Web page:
In the past, application of technology to education was often motivated by a desire to implement "teacher proof" instruction. Technology was viewed as a "black box," something that could be bestowed on schools and classrooms from above. An increasing body of literature on technology implementation efforts suggests that this goal was not only unrealistic but also fundamentally misguided. To be effective, technology and teachers must work together to provide challenging learning opportunities. At the nine case study sites, technology serves the goals of education reform by contributing to:
Of central concern to this project is the use of technology as a catalyst for changing schools in ways that better support the acquisition of higher-order skills by all students. Such uses of technology can have a particularly significant impact on the schooling of economically disadvantaged students, whose educational experiences frequently have stressed repetitious rote drill on lower-order skills, with relatively little attention to the areas of comprehension, problem solving, composition, and mathematical reasoning that will support both higher education and effective functioning in the real world.
In the remainder of the overview, we discuss:
The Goals 2000 legislation codifies a set of national education goals and provides a structure for making the federal government a supportive partner in state and local systemic reform efforts. The Goals 2000 agenda calls for a challenging set of expectations for students and for coherent, high-quality educational opportunities to meet those expectations. The systemic reform concept suggests that the provision of those high-quality opportunities will require broad, coordinated change across the many levels and facets of the education system. As part of their Goals 2000 planning effort, states are directed to develop technology plans describing how they will use technology to support systemic reform and to help their students achieve high standards.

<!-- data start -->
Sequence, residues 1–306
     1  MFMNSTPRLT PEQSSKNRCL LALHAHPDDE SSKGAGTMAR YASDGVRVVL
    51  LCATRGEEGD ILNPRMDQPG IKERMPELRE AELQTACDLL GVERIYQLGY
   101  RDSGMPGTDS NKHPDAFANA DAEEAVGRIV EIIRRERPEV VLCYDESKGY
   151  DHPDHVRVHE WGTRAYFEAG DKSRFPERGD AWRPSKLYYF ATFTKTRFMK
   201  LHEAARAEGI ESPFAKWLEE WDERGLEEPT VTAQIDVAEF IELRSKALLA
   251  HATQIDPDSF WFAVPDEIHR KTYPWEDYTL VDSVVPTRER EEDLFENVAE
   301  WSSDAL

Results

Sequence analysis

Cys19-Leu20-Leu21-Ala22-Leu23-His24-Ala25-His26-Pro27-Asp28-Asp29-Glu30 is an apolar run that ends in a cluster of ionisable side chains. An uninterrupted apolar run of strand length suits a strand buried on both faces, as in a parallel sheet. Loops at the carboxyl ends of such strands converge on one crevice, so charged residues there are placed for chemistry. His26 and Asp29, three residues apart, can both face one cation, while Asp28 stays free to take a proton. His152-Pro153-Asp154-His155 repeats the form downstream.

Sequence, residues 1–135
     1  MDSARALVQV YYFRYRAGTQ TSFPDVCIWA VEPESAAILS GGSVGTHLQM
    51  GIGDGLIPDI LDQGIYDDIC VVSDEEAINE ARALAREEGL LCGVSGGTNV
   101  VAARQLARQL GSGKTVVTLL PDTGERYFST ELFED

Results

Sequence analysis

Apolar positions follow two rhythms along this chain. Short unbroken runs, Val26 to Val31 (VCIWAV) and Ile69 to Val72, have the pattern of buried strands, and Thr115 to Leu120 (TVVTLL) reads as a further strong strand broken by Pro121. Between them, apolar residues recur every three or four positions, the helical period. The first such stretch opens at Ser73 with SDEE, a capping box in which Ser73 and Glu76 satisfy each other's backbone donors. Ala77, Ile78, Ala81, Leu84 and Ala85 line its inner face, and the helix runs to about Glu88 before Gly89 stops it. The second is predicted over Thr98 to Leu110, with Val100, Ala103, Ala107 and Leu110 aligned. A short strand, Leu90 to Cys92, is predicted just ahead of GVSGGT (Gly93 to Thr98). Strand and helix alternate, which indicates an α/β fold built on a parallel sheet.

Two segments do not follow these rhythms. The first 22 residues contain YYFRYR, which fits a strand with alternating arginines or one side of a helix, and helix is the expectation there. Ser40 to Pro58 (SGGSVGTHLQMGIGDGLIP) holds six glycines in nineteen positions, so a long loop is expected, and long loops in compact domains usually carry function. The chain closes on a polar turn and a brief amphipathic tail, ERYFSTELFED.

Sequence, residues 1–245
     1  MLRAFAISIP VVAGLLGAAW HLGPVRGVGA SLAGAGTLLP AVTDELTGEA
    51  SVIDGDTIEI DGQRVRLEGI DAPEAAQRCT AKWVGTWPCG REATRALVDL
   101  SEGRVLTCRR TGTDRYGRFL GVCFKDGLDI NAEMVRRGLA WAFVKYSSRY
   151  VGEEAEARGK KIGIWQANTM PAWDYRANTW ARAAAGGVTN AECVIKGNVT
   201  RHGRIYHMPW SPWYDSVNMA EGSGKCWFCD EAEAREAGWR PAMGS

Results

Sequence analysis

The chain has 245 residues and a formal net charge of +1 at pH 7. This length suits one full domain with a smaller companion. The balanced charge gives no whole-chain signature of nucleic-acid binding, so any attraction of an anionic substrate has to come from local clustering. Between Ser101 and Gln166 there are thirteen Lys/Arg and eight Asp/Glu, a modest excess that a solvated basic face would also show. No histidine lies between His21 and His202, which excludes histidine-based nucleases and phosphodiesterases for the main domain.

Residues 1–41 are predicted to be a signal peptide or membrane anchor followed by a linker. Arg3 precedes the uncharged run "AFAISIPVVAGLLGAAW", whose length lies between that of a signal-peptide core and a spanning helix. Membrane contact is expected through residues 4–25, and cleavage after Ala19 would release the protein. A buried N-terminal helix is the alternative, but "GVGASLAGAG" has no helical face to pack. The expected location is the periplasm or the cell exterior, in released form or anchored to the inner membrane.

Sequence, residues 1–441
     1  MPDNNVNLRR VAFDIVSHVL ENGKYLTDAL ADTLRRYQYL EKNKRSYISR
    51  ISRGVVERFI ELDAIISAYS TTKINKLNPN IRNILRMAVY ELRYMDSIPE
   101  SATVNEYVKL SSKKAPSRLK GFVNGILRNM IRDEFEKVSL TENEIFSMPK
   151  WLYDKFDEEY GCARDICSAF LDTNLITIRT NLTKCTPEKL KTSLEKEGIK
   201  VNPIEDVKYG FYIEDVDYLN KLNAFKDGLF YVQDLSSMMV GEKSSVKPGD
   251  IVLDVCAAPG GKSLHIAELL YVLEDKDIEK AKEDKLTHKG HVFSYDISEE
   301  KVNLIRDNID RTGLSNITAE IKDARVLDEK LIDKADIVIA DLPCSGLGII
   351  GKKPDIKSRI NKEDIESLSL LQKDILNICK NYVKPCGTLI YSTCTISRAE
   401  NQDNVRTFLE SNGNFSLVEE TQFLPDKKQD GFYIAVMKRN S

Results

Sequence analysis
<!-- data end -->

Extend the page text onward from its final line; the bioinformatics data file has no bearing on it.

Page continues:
There are many different kinds of technology, technology applications, and technology uses. What vision of technology use best fulfills these goals? We have classified technology applications not in terms of their base technologies but in terms of how they are used with students (Means et al., 1993). Our classification scheme encompasses tutorial, exploratory, tool, and communications uses of technology.
We reason that tutorial uses of technologies (e.g., drill and practice programs, tutoring systems, satellite transmission of lectures) may be useful but are unlikely to transform education. These uses in essence use technology to do the same things that schools have traditionally done for more students--albeit perhaps more systematically and efficiently.
Exploratory programs can be exciting adjuncts to an instructional program, but rarely carry a major part of the core curriculum in practice (Levin & Meister, 1985).